Department History

Historical Overview

In the mid-late 1800’s, the Village of Hebron was a rapidly growing community.  Hebron is known as the “Crossroads of Ohio”, because it sat in a prime location for waterway travel and access to the “National Trail”.  Industry was booming and the town was thriving.

Tragedy Strikes

On October 9th, 1901, tragedy struck the Village of Hebron.  Fire ripped through the town and destroyed most of the northern business district.  Unfortunately, this was not the only fire that struck the Village hard during the turn of the century.  Between 1901 – 1920, multiple fires affected the Village’s growth.  To make matters worse, the need for transportation by waterway was also becoming less efficient as the country began to utilize other methods of transportation.  The community struggled to recover, but was unable to overcome the economic impact these unfortunate events created.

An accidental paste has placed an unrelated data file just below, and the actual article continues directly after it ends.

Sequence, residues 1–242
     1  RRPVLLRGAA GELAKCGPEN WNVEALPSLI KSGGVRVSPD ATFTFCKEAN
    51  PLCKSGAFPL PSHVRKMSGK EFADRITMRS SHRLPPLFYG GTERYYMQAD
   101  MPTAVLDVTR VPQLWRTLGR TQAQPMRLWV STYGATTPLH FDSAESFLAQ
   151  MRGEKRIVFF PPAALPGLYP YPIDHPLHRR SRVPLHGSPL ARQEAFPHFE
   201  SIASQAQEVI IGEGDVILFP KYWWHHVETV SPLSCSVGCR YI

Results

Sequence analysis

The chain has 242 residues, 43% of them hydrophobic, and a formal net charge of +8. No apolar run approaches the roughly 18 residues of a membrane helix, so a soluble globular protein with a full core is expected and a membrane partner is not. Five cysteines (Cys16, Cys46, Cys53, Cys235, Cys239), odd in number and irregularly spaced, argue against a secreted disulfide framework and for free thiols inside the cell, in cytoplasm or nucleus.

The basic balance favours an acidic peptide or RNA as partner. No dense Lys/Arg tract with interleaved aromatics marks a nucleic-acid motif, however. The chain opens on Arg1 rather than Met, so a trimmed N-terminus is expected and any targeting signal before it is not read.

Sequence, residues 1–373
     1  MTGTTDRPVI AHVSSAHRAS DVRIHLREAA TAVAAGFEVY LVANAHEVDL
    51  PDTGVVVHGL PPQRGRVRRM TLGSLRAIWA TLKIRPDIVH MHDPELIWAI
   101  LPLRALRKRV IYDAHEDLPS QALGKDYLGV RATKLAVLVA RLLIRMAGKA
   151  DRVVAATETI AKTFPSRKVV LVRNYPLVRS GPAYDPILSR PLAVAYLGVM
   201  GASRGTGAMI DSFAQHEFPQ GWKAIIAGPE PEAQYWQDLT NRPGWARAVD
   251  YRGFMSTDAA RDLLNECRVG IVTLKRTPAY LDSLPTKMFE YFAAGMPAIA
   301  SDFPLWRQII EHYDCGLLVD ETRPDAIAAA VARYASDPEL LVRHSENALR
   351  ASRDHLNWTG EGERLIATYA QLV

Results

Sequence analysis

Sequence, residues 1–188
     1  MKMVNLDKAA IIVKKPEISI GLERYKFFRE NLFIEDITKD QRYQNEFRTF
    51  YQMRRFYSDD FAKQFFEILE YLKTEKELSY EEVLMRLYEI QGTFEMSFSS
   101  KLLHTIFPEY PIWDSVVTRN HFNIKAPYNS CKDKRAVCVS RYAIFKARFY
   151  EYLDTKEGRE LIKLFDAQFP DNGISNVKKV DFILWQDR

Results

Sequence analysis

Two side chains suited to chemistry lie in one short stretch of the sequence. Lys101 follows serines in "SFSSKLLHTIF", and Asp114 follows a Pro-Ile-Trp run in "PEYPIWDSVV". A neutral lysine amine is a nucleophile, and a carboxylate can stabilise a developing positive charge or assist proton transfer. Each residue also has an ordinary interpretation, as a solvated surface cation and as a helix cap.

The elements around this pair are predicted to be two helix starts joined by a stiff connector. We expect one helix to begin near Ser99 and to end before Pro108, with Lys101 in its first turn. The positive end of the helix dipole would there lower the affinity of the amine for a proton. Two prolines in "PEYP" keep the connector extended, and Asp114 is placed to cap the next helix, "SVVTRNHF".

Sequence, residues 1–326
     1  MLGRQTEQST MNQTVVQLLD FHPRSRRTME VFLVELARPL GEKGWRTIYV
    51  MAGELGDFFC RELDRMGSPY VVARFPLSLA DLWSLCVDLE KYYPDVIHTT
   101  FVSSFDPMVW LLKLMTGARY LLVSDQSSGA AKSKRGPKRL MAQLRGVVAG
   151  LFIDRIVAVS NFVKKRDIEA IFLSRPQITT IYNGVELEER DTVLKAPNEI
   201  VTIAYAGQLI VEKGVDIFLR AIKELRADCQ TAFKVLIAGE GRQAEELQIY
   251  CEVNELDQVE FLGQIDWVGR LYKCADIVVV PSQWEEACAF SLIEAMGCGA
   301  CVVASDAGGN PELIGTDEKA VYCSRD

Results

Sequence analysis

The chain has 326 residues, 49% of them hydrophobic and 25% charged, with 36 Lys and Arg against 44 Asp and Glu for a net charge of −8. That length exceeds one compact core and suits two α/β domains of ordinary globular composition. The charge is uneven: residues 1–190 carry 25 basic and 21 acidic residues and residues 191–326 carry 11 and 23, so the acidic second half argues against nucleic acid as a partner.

Home of the first fire engine in the Village of Hebron, which sits on the corner of Newark St. & Kevin St

Retired FF Donard Myers driving the 1926 Boyer during his retirement party. FF Myers is the last living member of the HFD to have driven this engine to a fire when it was still in service.

Creation of a Fire Department

The Hebron Fire Department was established in 1926 (unknown date) after the Village Council approved the purchase of its first fire engine.  The engine was first housed in a barn just a few blocks from where the station sits now, which still stands today.  The fire department was able to reclaim their original 1926 Boyer chemical fire engine in 2002 when the Teheran Grotto graciously donated the engine back to the department.  The engine can occasionally still be seen today in parades.

Later in the years, the home of the Hebron Fire Department was moved from Newark St. to the Village’s Municipal Building on W. Main St. This is the only picture the department has of the station being located at the old municipal building. Was it relocated, because it was prone to flooding?

Original Construction of Our Current Station

Our Station Today